TACOMA, WASH. - At the end of a hot, hazy summer day, when the light begins to change with the setting sun, something strange may appear in the North Tacoma neighborhood of Proctor.
“It's dreamy,’ Steve Laberge said. “It's fantastic. It's also scary.”
"It" is Crawlrus, the physical embodiment of insurance agent LaBerge's mid life crisis.
“It's a bucket list thing," Laberge said. “You turn fifty years old and you think what should I do?”
LaBerge and his wife Natalie celebrated that year by going to the alternative arts festival Burning Man.
“And I thought if I go back I want to bring something I built,” said LaBerge.
During business hours his head may still be filled with annuities, appraisals and adjustments, but at home, LaBerge has clearly been using another side of his brain.
He built a geodesic sphere using programmable LED lights fitted on a pole suspended eight feet above an old lawn tractor.
“It's actually quite entertaining in that he doesn't map this all out upfront,” said Natalie LaBerge.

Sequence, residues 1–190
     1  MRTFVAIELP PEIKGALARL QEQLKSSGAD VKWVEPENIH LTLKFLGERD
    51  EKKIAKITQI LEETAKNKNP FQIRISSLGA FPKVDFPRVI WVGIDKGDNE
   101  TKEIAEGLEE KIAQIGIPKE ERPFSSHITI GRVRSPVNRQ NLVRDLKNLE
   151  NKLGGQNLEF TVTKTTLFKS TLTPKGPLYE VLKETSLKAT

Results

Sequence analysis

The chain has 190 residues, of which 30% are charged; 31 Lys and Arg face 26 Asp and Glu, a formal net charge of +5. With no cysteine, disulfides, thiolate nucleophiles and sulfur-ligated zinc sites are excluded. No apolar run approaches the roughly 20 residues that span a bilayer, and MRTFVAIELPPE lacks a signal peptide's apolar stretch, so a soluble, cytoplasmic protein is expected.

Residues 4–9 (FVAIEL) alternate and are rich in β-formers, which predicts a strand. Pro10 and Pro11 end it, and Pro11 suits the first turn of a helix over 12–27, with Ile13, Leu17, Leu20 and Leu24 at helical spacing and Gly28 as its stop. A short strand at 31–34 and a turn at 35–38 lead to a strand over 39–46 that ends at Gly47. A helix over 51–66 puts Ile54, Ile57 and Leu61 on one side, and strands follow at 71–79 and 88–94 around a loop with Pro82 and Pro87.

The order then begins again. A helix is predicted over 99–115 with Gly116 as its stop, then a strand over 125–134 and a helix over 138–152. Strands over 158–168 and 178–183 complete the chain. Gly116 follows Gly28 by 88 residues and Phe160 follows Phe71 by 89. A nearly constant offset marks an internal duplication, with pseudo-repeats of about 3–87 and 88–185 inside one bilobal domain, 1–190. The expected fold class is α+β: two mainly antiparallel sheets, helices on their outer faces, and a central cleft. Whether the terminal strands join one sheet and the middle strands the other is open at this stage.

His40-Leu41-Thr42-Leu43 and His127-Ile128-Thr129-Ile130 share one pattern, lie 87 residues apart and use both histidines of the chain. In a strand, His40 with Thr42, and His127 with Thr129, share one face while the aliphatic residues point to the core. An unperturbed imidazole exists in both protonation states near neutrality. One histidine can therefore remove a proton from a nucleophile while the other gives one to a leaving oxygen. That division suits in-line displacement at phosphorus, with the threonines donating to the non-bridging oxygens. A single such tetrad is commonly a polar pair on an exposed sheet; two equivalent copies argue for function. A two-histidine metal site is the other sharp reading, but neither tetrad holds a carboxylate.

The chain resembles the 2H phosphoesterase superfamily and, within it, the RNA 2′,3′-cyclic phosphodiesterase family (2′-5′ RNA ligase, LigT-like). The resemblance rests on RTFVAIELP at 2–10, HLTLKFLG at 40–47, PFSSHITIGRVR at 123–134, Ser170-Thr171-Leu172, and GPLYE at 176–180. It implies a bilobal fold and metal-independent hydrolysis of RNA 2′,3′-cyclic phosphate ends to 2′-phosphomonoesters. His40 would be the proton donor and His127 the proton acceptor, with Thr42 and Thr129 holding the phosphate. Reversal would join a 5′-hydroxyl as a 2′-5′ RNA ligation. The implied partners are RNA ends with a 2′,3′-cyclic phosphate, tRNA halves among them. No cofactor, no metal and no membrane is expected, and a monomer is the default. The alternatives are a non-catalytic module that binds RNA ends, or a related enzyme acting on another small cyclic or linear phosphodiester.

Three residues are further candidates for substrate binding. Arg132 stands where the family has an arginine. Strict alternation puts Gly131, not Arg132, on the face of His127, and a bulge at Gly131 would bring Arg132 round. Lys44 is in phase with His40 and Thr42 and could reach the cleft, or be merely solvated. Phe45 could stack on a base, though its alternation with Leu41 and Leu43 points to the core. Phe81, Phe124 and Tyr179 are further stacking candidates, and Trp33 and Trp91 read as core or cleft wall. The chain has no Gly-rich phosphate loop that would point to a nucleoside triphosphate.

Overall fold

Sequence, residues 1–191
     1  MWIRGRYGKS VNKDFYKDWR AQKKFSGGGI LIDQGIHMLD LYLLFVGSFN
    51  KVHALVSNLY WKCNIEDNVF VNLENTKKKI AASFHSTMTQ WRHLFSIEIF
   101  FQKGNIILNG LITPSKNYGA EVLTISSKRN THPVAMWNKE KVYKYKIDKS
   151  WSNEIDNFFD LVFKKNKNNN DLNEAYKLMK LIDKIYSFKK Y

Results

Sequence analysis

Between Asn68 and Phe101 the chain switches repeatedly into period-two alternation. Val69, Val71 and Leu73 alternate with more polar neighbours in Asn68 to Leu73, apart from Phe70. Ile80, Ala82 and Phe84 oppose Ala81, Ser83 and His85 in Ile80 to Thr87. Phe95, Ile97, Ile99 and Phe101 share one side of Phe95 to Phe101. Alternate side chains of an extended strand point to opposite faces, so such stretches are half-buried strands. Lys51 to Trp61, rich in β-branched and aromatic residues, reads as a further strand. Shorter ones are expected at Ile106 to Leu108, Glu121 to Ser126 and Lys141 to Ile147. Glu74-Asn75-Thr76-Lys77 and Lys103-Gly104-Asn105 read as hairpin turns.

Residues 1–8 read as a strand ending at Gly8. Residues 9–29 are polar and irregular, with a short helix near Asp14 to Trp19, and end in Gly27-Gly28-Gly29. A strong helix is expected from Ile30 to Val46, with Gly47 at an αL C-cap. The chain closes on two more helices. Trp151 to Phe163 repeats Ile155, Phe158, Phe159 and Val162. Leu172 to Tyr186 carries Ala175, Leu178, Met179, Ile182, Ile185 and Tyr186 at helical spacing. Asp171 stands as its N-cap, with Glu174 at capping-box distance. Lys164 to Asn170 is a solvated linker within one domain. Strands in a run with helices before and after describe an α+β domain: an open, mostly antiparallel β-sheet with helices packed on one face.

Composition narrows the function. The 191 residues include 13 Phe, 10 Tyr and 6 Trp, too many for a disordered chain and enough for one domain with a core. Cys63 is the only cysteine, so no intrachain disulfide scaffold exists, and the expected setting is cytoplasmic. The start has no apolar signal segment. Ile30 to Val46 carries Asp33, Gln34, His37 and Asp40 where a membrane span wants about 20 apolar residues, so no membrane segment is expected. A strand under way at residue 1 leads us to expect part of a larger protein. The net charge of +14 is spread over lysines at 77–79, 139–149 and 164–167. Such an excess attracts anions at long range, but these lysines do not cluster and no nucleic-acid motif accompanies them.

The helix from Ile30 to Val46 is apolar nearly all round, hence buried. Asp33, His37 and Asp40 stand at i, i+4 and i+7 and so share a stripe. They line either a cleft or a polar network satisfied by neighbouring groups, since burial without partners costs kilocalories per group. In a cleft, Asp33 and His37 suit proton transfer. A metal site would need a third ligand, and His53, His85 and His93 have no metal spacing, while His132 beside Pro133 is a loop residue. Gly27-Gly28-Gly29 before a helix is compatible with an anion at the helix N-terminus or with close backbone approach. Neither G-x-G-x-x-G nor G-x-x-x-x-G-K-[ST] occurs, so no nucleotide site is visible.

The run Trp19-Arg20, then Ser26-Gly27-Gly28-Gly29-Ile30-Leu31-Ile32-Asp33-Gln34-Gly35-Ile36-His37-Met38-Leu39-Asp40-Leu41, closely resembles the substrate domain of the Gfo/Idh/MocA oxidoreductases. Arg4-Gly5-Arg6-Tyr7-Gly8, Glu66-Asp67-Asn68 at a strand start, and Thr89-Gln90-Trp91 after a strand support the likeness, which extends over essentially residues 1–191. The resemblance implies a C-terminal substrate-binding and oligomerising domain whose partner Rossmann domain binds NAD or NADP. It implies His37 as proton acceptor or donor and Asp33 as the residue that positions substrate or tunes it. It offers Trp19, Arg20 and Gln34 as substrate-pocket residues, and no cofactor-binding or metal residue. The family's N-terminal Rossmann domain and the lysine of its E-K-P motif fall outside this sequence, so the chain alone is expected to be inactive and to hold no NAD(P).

Driving it around the Nevada desert during Burning Man is one thing. Around their neighborhood is something else.
“When you look at it, you can see the potential for falling over is huge,” says LaBerge. “It feels top heavy, but it's never fallen over.”
The Crawlrus isn't the fastest way to get around. It drives at about the same speed as --well-- a crawling walrus.
As you might guess the Crawlrus gets noticed, with cheers, waving hands and digital photos taken wherever the go.
“It's fortuitous art,” Natalie LaBerge said. “It comes out of nowhere. You're not paying for it. You're not expecting it and people feel excited that they got to see it.And it's fun to see their excitement.”
Keep your eyes open.
You never know what might be crawling down the street.
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